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Federal Civilian

DOE Investing $3B to Strengthen US Supply Chain for Lithium-ion Batteries

Advancing battery

technology

DOE Investing $3B to Strengthen US Supply Chain for Lithium-ion Batteries

The Department of Energy announced that it has issued two notices of intent to provide nearly $3 billion to boost the production of advanced batteries that it envisions will be widely used in clean energy industries of the future. The intention is to fund battery materials refining and production plants, battery cell and pack manufacturing facilities, and recycling facilities that create good-paying clean energy jobs, the DOE said Friday.

In a statement, the department said that the funding is expected to be made available in the coming months and will ensure that the United States can produce modern batteries and the materials they rely on. The effort to advance the development of a new generation of electric vehicles and accompanying energy storage was put forward by the Bipartisan Infrastructure Law.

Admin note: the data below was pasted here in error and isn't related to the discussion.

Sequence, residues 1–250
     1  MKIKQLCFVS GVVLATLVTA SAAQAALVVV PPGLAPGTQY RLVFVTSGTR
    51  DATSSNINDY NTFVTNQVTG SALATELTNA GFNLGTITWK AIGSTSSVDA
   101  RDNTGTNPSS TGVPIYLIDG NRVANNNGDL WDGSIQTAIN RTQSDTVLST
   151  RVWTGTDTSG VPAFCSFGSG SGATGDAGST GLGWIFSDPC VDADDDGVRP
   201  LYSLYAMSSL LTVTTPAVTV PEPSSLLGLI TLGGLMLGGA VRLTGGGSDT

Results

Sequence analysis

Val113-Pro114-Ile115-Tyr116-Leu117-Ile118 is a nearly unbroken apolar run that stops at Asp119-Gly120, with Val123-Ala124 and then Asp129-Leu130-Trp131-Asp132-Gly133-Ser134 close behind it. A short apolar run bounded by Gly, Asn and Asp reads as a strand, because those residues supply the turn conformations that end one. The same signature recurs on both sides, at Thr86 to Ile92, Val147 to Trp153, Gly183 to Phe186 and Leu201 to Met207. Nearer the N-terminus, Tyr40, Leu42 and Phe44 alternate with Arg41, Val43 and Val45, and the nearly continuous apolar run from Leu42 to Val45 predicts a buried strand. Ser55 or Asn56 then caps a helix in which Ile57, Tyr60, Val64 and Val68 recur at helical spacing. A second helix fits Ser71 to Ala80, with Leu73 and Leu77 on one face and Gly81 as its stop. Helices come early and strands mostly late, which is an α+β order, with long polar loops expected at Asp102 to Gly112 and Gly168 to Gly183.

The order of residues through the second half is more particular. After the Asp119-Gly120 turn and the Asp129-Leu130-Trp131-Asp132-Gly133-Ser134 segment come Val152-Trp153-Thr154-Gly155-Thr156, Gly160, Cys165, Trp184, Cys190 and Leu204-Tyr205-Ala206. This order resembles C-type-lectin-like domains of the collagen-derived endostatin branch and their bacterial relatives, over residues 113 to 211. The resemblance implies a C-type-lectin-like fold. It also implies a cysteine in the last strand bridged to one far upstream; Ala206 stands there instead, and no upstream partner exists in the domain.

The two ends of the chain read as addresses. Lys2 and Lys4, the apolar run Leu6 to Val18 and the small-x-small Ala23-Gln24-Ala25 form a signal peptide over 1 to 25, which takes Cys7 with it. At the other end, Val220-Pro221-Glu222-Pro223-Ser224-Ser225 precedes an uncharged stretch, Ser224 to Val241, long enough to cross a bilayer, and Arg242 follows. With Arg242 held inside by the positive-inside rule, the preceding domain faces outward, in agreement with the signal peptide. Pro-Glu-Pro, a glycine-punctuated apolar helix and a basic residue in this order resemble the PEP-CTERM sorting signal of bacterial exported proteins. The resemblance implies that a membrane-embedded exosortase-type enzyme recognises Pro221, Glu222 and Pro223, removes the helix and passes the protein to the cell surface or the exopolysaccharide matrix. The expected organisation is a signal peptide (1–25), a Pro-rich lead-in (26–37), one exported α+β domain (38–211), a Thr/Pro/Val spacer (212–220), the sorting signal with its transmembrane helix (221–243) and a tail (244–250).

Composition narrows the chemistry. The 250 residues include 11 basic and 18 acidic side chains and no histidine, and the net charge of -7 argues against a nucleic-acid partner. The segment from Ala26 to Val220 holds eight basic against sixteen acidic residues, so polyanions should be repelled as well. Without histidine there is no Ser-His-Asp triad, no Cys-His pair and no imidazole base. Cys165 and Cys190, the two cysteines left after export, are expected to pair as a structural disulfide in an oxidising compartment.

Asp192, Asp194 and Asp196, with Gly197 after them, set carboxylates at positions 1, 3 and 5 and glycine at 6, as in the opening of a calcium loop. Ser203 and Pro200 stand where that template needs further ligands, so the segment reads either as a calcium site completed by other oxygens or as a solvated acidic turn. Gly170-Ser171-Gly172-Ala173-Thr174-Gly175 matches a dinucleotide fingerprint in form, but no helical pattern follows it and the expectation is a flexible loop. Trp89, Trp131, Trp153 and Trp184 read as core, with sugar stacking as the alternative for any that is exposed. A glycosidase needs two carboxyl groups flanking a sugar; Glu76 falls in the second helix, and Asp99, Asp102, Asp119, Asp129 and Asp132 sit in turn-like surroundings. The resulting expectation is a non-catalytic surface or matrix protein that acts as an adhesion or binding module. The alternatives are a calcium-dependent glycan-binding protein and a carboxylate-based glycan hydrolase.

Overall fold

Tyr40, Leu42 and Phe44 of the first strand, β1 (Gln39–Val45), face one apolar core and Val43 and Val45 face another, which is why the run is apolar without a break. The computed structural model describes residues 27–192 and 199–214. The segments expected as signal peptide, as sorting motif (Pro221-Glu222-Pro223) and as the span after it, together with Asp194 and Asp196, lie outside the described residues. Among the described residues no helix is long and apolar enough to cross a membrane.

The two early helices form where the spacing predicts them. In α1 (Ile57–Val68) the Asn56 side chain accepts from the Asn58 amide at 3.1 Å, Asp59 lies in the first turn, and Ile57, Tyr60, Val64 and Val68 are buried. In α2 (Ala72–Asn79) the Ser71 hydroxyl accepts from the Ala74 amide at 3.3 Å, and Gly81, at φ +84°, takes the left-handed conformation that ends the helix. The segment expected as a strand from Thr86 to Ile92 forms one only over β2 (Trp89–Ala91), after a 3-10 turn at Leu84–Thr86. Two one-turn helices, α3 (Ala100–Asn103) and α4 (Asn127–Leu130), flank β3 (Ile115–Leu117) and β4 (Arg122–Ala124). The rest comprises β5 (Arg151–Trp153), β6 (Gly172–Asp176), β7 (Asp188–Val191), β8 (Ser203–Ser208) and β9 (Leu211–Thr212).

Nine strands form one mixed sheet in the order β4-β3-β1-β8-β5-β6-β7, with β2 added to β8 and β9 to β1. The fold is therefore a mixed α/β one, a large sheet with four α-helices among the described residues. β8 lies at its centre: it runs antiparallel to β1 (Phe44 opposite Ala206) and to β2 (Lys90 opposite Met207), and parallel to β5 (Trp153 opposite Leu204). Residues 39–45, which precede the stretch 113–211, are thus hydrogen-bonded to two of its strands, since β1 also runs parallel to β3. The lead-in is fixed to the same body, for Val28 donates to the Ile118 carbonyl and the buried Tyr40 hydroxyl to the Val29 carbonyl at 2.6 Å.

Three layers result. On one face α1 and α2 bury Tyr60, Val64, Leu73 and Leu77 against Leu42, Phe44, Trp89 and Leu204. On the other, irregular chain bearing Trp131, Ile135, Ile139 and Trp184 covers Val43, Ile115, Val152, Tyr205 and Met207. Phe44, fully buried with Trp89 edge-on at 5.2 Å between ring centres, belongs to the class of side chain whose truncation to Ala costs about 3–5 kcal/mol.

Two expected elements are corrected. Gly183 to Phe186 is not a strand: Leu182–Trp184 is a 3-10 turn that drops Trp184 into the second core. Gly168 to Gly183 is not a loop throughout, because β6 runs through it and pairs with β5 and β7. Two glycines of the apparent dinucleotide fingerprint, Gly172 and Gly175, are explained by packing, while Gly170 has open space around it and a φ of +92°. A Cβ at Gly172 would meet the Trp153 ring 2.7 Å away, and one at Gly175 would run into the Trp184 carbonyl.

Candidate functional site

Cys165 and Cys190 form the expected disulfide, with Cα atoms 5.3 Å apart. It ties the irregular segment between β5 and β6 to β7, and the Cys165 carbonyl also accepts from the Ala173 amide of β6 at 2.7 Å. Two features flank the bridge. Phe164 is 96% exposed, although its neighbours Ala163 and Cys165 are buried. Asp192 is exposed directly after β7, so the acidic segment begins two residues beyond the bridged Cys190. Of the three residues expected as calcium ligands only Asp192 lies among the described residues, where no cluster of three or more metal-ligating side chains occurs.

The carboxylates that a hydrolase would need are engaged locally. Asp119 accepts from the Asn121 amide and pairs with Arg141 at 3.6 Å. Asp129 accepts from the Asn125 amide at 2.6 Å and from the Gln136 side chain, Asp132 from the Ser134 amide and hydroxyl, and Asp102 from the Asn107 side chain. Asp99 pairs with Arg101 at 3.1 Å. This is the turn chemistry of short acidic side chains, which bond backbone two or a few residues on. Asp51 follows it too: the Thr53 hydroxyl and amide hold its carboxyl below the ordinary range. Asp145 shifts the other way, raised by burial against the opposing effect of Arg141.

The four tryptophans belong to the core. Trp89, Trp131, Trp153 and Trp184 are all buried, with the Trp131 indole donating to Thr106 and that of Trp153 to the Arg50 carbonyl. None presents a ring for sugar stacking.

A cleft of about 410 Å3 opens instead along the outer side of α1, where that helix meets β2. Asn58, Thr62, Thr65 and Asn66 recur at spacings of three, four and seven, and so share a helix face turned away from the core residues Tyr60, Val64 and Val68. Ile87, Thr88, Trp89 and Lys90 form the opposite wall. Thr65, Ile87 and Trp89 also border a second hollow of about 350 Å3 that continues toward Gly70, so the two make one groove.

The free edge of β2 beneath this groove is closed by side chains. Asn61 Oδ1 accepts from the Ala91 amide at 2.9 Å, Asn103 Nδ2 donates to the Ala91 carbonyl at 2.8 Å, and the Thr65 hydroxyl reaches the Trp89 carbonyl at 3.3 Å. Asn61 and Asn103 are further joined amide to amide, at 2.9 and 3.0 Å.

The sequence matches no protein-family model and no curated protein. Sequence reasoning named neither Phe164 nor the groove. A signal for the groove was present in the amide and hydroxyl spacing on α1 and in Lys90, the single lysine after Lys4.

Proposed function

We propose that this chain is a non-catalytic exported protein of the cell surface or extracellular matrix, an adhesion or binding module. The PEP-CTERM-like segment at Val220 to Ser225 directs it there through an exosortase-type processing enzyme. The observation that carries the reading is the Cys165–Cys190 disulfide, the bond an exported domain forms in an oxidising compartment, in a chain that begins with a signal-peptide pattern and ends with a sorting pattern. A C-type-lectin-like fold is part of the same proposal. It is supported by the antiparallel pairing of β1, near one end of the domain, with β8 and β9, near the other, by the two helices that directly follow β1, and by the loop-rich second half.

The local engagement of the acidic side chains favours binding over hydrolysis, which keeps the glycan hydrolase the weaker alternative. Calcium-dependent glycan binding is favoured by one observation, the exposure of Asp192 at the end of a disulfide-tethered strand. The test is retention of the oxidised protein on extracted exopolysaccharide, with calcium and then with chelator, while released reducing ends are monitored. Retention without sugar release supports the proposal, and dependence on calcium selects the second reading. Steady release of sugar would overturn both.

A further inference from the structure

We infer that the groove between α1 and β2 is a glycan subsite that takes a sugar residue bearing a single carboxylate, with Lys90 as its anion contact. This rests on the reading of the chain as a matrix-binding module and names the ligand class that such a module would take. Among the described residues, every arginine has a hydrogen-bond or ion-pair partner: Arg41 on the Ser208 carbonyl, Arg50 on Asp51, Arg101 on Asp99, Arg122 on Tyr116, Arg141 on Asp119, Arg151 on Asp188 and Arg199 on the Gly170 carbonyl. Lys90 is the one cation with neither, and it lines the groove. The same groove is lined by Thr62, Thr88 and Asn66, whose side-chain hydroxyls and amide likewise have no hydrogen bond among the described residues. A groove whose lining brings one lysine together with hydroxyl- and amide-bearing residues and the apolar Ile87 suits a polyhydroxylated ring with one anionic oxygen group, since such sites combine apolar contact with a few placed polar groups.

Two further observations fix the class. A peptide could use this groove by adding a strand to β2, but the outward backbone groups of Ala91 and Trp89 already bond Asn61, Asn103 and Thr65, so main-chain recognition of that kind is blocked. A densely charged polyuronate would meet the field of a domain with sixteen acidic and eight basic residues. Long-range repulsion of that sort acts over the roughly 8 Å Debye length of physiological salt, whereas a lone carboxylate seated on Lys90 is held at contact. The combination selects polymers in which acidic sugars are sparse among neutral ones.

For the next five years, the bipartisan legislation will lead to the creation of 60 new DOE programs and expand funding for 12 existing research, development, demonstration and deployment programs. In total, some $65 billion will be invested in the largest clean energy transmission and grid in American history, the White House said on its website.

It was further noted that the U.S. market share of plug-in EV sales is only one-third the size of the Chinese EV market. The legislation will invest $7.5 billion to build out a national network of EV chargers in America.

The DOE said it wants to prepare the U.S. industry for the forecasted growth in market demand for lithium-ion batteries over the next decade. Ensuring the sustainable domestic sourcing of critical materials used to make lithium-ion batteries will help close the gap in supply chain disruptions and accelerate local production. The funding will also support research and development of second-life applications for batteries once used to power EVs, as well as new processes for recycling spent batteries, it was added.

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Category: Federal Civilian

Tags: advanced batteries Bipartisan Infrastructure Law clean energy industries Department of Energy federal civilian Jennifer M. Granholm